10-Minute Break
9 - 9:50 am Updates in Employment Law
Elinor Schroeder, Paul E. Wilson Professor of Law, KU School of Law

Professor Elinor Schroeder will present an update on the constantly changing world of employment law. She will discuss recent decisions of the United States Supreme Court and the lower federal courts, as well as regulatory developments under the FLSA, the FMLA, Title VII, and the ADEA.
10-Minute Break
10 - 10:50 am Using Ethics Experts (ethics credit)
Mike Hoeflich, John H. & John M. Kane Distinguished Professor of Law, KU School of Law

Increasingly, lawyers are using expert witnesses to testify on professional responsibility and fiduciary duty. Lawyers and corporations are also using such experts to provide advice before taking actions, particularly in complex legal situations. In this session, Professor Mike Hoeflich will discuss the practical aspects of using ethics experts, what you should look for in choosing an ethics expert, and some of the pitfalls if you do use such an expert either for advice or to testify.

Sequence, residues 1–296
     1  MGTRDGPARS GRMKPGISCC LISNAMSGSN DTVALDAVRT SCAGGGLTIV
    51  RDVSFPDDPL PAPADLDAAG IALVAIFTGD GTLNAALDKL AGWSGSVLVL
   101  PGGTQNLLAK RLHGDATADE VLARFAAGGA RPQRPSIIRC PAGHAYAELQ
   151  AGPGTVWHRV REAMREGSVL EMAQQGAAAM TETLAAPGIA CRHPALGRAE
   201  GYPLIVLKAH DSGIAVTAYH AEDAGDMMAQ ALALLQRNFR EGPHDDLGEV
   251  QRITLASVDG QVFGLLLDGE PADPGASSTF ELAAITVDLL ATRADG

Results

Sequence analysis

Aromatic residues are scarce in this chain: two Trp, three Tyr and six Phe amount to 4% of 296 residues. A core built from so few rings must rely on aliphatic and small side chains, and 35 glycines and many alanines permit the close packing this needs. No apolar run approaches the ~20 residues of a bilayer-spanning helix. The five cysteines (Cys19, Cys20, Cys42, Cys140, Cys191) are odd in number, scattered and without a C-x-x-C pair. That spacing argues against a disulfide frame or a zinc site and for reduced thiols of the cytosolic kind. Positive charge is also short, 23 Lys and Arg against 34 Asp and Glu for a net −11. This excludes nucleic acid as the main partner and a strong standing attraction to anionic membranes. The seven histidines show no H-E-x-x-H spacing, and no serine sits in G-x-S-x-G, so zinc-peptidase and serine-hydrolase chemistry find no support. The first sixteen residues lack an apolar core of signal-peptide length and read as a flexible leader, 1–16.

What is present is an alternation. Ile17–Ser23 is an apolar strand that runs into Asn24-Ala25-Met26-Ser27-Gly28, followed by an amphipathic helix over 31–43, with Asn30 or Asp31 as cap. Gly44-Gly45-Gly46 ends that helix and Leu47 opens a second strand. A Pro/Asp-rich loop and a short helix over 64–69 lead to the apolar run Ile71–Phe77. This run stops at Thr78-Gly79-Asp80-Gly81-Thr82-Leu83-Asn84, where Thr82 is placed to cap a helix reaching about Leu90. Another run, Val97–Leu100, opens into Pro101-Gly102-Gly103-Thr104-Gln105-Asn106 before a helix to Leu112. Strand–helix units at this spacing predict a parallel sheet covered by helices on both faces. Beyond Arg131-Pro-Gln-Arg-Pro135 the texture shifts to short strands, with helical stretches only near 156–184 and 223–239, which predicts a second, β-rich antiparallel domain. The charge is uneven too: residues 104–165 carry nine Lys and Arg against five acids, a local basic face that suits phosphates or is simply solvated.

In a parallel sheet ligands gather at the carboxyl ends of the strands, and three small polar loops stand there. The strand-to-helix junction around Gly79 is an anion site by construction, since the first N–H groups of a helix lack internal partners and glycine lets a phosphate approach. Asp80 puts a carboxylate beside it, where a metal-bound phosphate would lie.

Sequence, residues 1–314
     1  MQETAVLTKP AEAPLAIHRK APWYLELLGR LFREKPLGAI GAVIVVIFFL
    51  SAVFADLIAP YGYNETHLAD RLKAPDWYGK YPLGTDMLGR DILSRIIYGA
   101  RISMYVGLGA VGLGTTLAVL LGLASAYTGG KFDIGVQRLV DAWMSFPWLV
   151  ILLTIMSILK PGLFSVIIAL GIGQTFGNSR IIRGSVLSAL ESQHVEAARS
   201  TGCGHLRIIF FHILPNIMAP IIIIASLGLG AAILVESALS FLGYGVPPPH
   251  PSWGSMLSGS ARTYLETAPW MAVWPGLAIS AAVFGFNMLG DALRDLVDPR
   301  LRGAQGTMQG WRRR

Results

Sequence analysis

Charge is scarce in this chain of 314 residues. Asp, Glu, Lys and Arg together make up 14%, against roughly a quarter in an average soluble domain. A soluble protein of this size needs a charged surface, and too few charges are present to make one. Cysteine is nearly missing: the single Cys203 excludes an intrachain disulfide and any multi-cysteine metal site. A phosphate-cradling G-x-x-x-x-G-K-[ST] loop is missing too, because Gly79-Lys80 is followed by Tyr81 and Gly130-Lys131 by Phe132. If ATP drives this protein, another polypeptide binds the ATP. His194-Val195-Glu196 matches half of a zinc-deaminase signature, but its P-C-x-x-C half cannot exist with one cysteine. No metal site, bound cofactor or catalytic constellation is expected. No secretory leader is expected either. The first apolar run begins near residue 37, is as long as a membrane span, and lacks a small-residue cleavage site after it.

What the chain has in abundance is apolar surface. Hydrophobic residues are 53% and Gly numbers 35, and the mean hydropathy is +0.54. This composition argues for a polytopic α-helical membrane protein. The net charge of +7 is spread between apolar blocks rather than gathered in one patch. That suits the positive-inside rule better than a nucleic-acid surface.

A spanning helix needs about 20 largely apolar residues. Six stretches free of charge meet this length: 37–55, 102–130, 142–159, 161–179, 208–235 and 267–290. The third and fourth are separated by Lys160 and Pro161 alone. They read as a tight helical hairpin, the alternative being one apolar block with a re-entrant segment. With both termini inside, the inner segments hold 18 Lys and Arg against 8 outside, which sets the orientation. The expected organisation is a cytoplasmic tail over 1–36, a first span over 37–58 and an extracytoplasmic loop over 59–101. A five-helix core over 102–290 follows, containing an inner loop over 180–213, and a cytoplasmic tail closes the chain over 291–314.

10-Minute Break
11 - 11:50 am Rule 1.1 in the 21st Century: Competence in the New Technical World of Law (ethics credit)
Mike Hoeflich, John H. & John M. Kane Distinguished Professor of Law, KU School of Law

Professor Mike Hoeflich will discuss how developments in new technology have transformed the legal profession within the past decade. Increasingly, lawyers are called upon to master new technologies in such diverse areas as electronic communications, legal search, e-filing, e-discovery, billing and a host of others. Courts and disciplinary administrators around the U.S. have imposed significant new burdens upon lawyers in these areas pursuant to Rule 1.1 on competency. We will discuss the newest developments in this area with particular emphasis on Kansas and Missouri law.
Lunch
1 - 1:50 pm Criminal Procedure and Law: The Annual Review
Beth Cateforis, L'94, Clinical Associate Professor, Project for Innocence & Post-Conviction Remedies, KU School of Law

Clinical Associate Professor Beth Cateforis will highlight this year’s recent developments in criminal procedure and law as reflected in the United States Supreme Court and Kansas Appellate Court cases.
10-Minute Break
2 - 2:50 pm Federal and Kansas Update on Election Law, Voting Rights and Campaign Finance
Mark Johnson, partner, Dentons